We enjoyed being at ZendCon and connecting with you. We also hope that you were able to learn more about AWS while you were there, or if you couldn’t make it, through the presentation slides afterward. If you need any help using the AWS SDK for PHP or have any feedback for us, be sure to connect with us via the PHP SDK forum or our GitHub repo.

Providing credentials to the AWS SDK for PHP

by Michael Dowling | on | in PHP | Permalink | Comments |  Share

In order to authenticate requests, the AWS SDK for PHP requires credentials in the form of an AWS access key ID and secret access key. In this post, we’ll discuss how to configure credentials in the AWS SDK for SDK.

Configuring credentials

There are several methods that can be used for configuring credentials in the SDK. The method that you use to supply credentials to your application is up to you, but we recommend that you use IAM roles when running on Amazon EC2 or use environment variables when running elsewhere.

Credentials can be specified in several ways:

  1. IAM roles (Amazon EC2 only)
  2. Environment variables
  3. Configuration file and the service builder
  4. Passing credentials into a client factory method

If you do not provide credentials to the SDK using a factory method or a service builder configuration file, the SDK checks if the AWS_ACCESS_KEY_ID and AWS_SECRET_KEY environment variables are present. If defined, these values are used as your credentials. If these environment variables are not found, the SDK attempts to retrieve IAM role credentials from an Amazon EC2 instance metadata server. If your application is running on Amazon EC2 and the instance metadata server responds successfully with credentials, they are used to authenticate requests. If none of the above methods successfully yield credentials, an AwsCommonExceptionInstanceProfileCredentialsException exception is thrown.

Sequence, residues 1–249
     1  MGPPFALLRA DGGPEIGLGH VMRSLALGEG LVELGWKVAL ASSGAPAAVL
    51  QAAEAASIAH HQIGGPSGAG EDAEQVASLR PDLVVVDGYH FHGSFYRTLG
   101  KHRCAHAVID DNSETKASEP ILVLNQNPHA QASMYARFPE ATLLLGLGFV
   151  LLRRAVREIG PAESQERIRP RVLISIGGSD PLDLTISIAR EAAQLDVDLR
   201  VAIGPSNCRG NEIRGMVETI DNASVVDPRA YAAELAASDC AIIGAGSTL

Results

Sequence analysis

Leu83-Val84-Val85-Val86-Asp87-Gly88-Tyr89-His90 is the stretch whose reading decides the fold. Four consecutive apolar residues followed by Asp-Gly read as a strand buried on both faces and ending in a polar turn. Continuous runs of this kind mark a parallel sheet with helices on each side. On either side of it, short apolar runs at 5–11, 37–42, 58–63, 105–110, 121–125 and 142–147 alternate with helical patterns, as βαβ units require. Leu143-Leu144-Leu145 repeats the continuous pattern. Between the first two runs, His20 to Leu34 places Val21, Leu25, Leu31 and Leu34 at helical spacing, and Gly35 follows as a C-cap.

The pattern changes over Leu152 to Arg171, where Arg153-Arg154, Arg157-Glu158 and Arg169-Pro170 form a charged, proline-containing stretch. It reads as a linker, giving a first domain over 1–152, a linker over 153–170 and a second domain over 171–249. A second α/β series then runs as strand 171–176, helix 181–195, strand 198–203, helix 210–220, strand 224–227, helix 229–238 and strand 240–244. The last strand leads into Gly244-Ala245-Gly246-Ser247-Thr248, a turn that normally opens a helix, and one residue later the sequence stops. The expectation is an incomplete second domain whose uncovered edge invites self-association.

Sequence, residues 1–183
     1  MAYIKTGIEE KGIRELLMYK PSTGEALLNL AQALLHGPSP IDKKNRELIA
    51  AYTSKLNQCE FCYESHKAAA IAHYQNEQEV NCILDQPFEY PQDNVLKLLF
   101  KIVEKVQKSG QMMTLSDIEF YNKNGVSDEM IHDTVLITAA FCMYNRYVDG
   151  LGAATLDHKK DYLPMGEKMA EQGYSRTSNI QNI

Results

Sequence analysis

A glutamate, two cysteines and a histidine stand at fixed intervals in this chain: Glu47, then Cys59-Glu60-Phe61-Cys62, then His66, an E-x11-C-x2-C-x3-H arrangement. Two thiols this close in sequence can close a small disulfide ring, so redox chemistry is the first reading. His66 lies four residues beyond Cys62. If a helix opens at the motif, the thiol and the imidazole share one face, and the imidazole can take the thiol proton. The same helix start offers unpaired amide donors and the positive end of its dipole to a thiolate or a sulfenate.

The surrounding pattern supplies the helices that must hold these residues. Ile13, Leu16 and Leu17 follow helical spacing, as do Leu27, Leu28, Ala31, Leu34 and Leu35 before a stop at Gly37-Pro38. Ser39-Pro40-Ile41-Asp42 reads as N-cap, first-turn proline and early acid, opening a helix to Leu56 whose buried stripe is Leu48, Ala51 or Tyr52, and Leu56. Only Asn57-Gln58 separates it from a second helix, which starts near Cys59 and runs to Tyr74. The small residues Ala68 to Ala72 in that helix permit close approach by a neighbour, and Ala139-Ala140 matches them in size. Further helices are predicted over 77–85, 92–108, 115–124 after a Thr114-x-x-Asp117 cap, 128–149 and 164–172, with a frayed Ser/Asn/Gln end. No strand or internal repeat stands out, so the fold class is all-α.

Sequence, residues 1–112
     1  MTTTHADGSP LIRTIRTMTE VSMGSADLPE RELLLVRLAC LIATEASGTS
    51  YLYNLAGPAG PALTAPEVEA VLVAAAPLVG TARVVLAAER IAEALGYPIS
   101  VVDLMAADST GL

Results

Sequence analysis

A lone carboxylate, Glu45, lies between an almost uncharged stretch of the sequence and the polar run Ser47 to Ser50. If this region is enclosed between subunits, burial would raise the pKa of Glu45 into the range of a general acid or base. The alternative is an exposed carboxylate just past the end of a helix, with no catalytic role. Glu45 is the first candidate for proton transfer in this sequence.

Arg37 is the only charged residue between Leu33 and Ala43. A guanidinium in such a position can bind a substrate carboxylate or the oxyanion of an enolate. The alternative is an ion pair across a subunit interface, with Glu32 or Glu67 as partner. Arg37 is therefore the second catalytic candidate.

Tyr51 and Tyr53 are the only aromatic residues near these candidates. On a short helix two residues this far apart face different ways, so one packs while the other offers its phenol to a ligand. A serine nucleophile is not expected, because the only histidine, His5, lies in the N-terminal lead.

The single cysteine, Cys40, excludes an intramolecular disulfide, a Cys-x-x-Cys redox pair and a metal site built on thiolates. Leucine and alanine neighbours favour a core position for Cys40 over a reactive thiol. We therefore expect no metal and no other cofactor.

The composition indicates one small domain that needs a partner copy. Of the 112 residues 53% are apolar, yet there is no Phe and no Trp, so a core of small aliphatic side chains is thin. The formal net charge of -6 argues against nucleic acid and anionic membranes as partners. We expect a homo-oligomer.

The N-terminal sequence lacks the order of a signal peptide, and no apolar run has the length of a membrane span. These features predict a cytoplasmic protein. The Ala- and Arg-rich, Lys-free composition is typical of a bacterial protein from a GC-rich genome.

IAM roles (Amazon EC2 only)

IAM roles are the preferred method for providing credentials to applications running on Amazon EC2. IAM roles remove the need to worry about credential management from your application. They allow an instance to "assume" a role by retrieving temporary credentials from the instance’s metadata server. These temporary credentials allow access to the actions and resources that the role’s policy allows.

When launching an EC2 instance, you can choose to associate it with an IAM role. Any application running on that EC2 instance is then allowed to assume the associated role. Amazon EC2 handles all the legwork of securely authenticating instances to the IAM service to assume the role and periodically refreshing the retrieved role credentials, keeping your application secure with almost no work on your part.

If you do not provide credentials and no environment variable credentials available, the SDK attempts to retrieve IAM role credentials from an Amazon EC2 instance metadata server. These credentials are available only when running on Amazon EC2 instances that have been configured with an IAM role.

Caching IAM role credentials

While using IAM role credentials is the preferred method for providing credentials to an application running on an Amazon EC2 instance, the roundtrip from the application to the instance metadata server on each request can introduce latency. In these situations, you might find that utilizing a caching layer on top of your IAM role credentials can eliminate the introduced latency.

The easiest way to add a cache to your IAM role credentials is to specify a credentials cache using the credentials.cache option in a client’s factory method or in a service builder configuration file. The credentials.cache configuration setting should be set to an object that implements Guzzle’s GuzzleCacheCacheAdapterInterface. This interface provides an abstraction layer over various cache backends, including Doctrine Cache, Zend Framework 2 cache, etc.

<?php

require 'vendor/autoload.php';

use DoctrineCommonCacheFilesystemCache;
use GuzzleCacheDoctrineCacheAdapter;

// Create a cache adapter that stores data on the filesystem
$cacheAdapter = new DoctrineCacheAdapter(new FilesystemCache('/tmp/cache'));

// Provide a credentials.cache to cache credentials to the file system
$s3 = AwsS3S3Client::factory(array(
    'credentials.cache' => $cacheAdapter
));

With the addition of credentials.cache, credentials are now cached to the local filesystem using Doctrine’s caching system. Every request that uses this cache adapter first checks if the credentials are in the cache. If the credentials are found in the cache, the client then ensures that the credentials are not expired. In the event that cached credentials become expired, the client automatically refreshes the credentials on the next request and populates the cache with the updated credentials.